AN estimated 40,000 people traveled from around the world to take up arms for the Islamic State group as it occupied territory in Syria and Iraq and declared a caliphate in 2014.
A few hundred are believed to still be fighting as IS struggles to survive, having lost most of its territory to campaigns by Western-backed Syrian and Iraqi coalition armies.
But what happened to the rest?
Many thousands were certainly killed in the intense fighting, but US experts believe many have survived, posing a formidable threat going ahead.
“The issue is: how many have died? How many are still there and willing to fight? How many have gone elsewhere to fight?” said Seth Jones, director of the International Security and Defense Policy Center at the Rand Corporation.
“How many have given up? I don’t think we have a good answer.”
International counterterror groups are putting huge efforts into answering those questions, working hard to name, count and track IS foreign fighters.
In France, officials say, around 1,700 people went to Iraq and Syria since 2013 to join IS. Of those, 400 to 450 have been killed, and 250 returned to France.
Foreign Affairs Minister Jean-Yves Le Drian said on Dec. 8 that about 500 are still in the Iraq-Syria theater, and for them it is now very hard to return to France.
But that leaves another 500 whose whereabouts are unknown, many of them with the skills of war, wielding weapons and making bombs.
Terrorism specialist Bruce Hoffman of Georgetown University estimated during a conference Wednesday that “thousands” have escaped the war zone.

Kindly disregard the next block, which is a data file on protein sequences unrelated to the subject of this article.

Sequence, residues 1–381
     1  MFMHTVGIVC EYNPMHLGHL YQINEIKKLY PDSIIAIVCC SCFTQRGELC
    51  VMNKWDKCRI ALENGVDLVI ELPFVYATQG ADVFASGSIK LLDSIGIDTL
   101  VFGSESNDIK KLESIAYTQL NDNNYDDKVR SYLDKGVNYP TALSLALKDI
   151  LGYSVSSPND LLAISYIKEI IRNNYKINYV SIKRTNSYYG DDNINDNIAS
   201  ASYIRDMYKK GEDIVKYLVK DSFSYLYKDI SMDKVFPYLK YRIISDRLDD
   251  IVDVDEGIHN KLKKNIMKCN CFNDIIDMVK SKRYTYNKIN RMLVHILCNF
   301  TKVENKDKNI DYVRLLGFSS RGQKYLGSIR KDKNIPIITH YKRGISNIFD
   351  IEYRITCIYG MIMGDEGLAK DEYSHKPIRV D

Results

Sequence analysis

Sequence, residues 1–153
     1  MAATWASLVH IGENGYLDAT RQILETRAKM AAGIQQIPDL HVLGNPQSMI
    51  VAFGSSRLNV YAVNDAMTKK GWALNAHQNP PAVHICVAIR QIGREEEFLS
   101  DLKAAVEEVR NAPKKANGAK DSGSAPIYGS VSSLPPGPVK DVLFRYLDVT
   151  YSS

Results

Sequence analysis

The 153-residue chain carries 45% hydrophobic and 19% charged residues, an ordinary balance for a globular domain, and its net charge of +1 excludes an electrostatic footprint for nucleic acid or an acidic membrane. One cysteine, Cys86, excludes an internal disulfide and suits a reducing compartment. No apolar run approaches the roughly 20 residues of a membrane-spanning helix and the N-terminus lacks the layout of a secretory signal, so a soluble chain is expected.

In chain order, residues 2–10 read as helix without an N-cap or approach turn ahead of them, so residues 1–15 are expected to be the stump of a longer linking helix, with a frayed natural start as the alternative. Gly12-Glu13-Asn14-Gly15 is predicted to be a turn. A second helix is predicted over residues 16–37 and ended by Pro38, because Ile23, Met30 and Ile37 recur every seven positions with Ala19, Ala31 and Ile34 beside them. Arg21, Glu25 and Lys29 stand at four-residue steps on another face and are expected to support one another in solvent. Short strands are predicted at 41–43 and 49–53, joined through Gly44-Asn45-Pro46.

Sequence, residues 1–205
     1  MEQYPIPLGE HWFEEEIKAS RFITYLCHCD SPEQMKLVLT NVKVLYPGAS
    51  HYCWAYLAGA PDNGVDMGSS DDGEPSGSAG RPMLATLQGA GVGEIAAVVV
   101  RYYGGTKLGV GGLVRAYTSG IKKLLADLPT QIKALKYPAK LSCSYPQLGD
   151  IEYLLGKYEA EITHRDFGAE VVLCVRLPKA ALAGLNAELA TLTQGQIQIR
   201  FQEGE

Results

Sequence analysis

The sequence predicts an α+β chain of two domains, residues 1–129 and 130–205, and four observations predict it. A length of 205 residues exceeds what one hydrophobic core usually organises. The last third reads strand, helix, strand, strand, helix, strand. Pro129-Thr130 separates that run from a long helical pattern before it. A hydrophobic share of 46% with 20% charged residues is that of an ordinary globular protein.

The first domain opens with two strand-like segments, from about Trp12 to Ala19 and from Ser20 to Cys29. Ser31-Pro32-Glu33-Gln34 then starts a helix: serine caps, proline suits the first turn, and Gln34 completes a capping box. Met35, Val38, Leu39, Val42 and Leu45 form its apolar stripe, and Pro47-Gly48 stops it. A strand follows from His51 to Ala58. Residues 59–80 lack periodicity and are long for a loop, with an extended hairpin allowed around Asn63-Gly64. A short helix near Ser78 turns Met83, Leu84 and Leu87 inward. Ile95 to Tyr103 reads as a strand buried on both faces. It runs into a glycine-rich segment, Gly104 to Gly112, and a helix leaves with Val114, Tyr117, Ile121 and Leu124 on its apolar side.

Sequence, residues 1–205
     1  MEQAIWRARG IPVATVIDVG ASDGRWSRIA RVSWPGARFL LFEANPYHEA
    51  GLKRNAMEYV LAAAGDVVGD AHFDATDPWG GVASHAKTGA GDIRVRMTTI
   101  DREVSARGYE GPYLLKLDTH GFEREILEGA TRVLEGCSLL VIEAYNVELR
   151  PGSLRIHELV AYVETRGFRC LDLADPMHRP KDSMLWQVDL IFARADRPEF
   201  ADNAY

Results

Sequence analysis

”Today, some of them are most likely in the Balkans, lying low for the time being, waiting for the opportunity to infiltrate themselves to the rest of Europe,” he said.
Some have traveled to other jihadist fronts, according to Thomas Sanderson, of the Center for Strategic and International Studies’ Transnational Threats Project.
For example, he said, at least 80 IS fighters from Morocco, Russia, Saudi Arabia and Yemen have joined since May the IS-allied Abu Sayyaf insurgents battling government forces in the southern Philippines.
Local people in the northern Afghanistan province of Jowzjan have told AFP that French-speaking IS veterans—from France or northern African countries—have recently set up camp there.
And they also have the option of other conflict zones in northern Africa, like Libya, Somalia, Yemen and elsewhere where jihadist groups akin to IS are conducting violent insurgencies.
The defeat of IS on the battlefield in Syria in Iraq did not close off escape routes. IS fighters were able to blend in with civilian refugees or bribe their way to sneak into Turkey.
Many don’t have much choice but to continue to fight: they never had a plan to return to their home countries, where they face imprisonment in most cases, according to Jones.
“For many, it was a one-way trip. They wanted to live in the caliphate, permanently. So we don’t see a major move back.”